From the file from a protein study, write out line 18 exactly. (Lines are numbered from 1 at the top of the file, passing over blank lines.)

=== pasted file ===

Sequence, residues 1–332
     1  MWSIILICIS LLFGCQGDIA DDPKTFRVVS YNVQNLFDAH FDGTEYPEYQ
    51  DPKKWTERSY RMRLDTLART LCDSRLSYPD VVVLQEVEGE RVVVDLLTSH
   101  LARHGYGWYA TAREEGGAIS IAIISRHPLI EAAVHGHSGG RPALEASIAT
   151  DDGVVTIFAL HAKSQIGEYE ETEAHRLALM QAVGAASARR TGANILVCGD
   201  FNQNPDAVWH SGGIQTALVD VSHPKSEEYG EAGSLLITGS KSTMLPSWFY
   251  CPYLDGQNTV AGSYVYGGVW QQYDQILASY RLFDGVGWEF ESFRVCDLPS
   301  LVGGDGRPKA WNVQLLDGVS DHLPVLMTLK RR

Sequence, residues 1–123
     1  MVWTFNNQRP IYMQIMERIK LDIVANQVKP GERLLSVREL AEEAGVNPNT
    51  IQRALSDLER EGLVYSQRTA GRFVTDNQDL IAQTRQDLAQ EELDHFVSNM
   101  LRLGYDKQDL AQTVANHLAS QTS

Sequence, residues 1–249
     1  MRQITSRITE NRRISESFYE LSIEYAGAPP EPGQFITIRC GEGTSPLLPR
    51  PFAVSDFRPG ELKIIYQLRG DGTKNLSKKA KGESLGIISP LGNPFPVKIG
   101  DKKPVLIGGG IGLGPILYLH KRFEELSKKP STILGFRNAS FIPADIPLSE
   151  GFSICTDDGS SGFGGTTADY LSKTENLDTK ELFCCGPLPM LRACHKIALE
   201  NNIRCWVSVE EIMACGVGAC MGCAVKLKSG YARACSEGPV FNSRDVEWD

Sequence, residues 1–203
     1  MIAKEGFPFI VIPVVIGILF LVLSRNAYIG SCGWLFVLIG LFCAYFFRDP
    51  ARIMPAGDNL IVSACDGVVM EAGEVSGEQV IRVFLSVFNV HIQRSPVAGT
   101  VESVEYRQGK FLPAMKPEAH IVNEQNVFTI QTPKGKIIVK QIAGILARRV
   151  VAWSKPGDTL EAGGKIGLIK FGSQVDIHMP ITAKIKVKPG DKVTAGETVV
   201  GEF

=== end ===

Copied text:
   201  NNIRCWVSVE EIMACGVGAC MGCAVKLKSG YARACSEGPV FNSRDVEWD